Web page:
The pages of 'Sympathy for the Drummer: Why Charlie Watts Matters' are crammed with detailed rock/country history, gonzo imagery and keen insight. Accomplished author Mike Edison weaves a gazillion zany stories around his subject, some of which loyal fans will already know (like that famed London drug bust or the one about Charlie, dressed to kill, punching Jagger in the face after being called, “my drummer"!), in which case, Edison’s contemporary writing style takes on a starring role, alongside digs and kudos to rock celebs that Charlie and his merry men courted, hated, or tolerated.

If you’re a superfan, you’ll dog-ear Edison’s outrageous litany of descriptors, and either shake your head in agreement or shove your fist up the table of contents. But, if you’re a fledgling, this book will educate you well about the Stones’ essential tunes, their ultimate standing in rock music history and the underrated legacy of Watts himself.

At times, it’s easy to forget why the book is called what it’s called, as Edison’s reach is far and wide (which is actually quite entertaining), because Charlie’s name seems to float in and out of focus. Still, it’s all okay, it’s sort of like watching a fly fisherman on a sunny day, you know his bait will bring in the goods, but don’t get the fry pan ready just yet. Take a little time to amble.

For my money, I loved this: Edison’s “weaving” about when addressing songs (some hits; some flops) that remain lodged in our subconscious. He brings them to life, reminding us why they worked; why they couldn’t, how Charlie’s genius salvaged a couple of drug-addled remnants.

How did Charlie make those classic hits even better? When sizing up the arrangement of ‘Jumpin’ Jack Flash’, Edison proclaims that the Stones’ long-term drummer “drove straight down the middle of the road, and it was flawless,” whereas “a hundred other drummers” would have been “looking for places to push their way in.” Wherever possible, the author elaborates on such points by citing Charlie’s own words, taken from other interviews. In this case, Charlie generously gives credit for the successful recording to their then-new producer, Jimmy Miller.

Despite the title, the contents are certainly not “Charlie Watts-centric,” but there’s a lot of great storytelling around the bend. Edison, here, describes Mick Jagger’s percussive contribution to ‘Street Fighting Man’: “the maracas explode like a Molotov cocktail hitting the front door of a bank. Suddenly the revolution had begun.”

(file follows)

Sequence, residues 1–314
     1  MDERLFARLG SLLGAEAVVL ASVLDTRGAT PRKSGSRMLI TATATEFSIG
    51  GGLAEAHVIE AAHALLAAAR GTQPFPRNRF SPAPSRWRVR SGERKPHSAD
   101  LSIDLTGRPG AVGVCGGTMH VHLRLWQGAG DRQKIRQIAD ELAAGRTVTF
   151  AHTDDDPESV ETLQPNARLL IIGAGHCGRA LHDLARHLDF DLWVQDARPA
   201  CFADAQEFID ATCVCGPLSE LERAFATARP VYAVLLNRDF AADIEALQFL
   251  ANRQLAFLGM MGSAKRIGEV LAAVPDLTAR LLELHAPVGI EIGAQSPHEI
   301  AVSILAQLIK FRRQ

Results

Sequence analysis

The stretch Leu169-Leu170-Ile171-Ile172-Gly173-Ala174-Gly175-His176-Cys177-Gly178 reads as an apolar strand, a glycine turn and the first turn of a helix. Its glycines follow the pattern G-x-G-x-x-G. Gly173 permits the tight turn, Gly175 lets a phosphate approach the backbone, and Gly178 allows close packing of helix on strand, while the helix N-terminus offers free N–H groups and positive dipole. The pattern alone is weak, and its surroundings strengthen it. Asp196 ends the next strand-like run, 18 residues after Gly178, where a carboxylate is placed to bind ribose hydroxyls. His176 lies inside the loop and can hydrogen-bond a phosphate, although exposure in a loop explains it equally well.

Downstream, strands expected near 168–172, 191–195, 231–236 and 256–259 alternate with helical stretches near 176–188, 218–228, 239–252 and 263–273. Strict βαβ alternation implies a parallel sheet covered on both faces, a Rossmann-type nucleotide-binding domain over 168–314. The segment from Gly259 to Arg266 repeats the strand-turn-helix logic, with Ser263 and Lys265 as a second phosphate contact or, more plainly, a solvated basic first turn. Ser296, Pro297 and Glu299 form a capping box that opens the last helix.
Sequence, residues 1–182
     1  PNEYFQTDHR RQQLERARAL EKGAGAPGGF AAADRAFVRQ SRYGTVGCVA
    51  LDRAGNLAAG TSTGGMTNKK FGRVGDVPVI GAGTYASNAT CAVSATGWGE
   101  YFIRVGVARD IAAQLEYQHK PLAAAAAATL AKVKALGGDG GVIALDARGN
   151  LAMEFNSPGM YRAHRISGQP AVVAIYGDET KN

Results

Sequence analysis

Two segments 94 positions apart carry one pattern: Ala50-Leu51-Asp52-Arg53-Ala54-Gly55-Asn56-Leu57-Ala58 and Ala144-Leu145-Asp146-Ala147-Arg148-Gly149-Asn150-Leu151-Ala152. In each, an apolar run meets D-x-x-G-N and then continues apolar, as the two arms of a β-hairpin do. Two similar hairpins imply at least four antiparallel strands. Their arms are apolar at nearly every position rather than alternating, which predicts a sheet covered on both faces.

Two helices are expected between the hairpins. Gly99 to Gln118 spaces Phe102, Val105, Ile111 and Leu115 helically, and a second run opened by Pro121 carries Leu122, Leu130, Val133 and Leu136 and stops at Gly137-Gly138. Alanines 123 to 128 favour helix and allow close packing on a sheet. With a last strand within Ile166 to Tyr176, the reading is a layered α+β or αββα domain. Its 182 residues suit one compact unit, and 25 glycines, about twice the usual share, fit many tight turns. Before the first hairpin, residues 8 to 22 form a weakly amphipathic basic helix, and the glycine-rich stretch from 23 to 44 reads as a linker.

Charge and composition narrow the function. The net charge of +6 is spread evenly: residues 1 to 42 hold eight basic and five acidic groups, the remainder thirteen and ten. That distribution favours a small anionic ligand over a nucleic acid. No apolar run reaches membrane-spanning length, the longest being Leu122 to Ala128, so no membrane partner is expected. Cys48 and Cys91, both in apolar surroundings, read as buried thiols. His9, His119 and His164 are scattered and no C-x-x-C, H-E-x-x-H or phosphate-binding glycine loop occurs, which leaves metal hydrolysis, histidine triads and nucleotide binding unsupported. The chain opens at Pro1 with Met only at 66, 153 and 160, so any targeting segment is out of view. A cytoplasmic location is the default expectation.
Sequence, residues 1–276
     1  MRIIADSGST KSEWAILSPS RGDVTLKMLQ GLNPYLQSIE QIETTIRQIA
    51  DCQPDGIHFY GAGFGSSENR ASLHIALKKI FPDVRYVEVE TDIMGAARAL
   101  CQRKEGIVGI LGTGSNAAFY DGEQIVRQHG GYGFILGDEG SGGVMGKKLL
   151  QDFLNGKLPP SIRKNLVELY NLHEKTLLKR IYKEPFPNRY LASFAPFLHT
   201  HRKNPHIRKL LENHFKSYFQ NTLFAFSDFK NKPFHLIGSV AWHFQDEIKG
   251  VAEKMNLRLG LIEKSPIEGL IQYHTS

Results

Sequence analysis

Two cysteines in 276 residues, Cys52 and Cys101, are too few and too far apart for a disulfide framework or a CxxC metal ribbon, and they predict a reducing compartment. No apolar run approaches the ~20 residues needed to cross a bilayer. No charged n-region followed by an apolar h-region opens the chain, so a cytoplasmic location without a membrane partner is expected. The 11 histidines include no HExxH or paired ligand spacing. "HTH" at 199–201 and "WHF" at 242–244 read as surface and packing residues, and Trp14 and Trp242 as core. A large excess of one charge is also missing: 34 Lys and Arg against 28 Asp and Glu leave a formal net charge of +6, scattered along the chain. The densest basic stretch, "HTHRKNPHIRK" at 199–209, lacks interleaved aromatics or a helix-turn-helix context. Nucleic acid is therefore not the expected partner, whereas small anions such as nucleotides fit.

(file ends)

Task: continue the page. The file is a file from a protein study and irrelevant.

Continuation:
The author goes out on a limb, connecting the Stones and Charlie to other genres of music: disco, punk, you name it. And there’s even some dark points; like when Charlie went over the deep end, drug-wise, for a spell, but soon enough, he was back at the kit, cleanly-shaved, with his neatly-pressed vest and trousers.

Charlie’s non-Stones projects are fascinating to hear about, as well. And those cunning jazz techniques he so brilliantly lent for a lifetime to his squawky mates - can’t get enough of those.

It’s imperative to mention that Edison is also an accomplished and well-educated drummer. That said, when confidently name-dropping members of Led Zeppelin and The Who, and asserting that, “John Bonham, too, had absorbed Krupa and Max Roach into his style”, or that, “Keith Moon, another Krupa disciple, dabbled in anticipation but couldn’t commit,” it’s safe to say Edison aced his music history homework.

Whilst ticking off the various departures of former Stones, he illustrates how Charlie not only survived these line-up changes, but made everyone around him shine. The author’s affection for the book’s cymbal-crashing subject is crystal clear:
“Charlie weaved and dodged in between Keith Richards and Bill Wyman, and he put the spotlight on Mick, making sure that every word had the full weight of the groove behind it."

Here, he waxes rhapsodic about ‘Rough Justice’ from 2005’s 'Bigger Bang': “It sounds like Charlie is taking off on a rocket to the moon. I could listen to those fine moments over and over again.”

So, if Charlie Watts really does matter to you as a reader, you should definitely grab this book. There’s enough pathos and sympathy for this drummer to go around and then some.







Related Links:

https://en.wikipedia.org/wiki/Charlie_Watts


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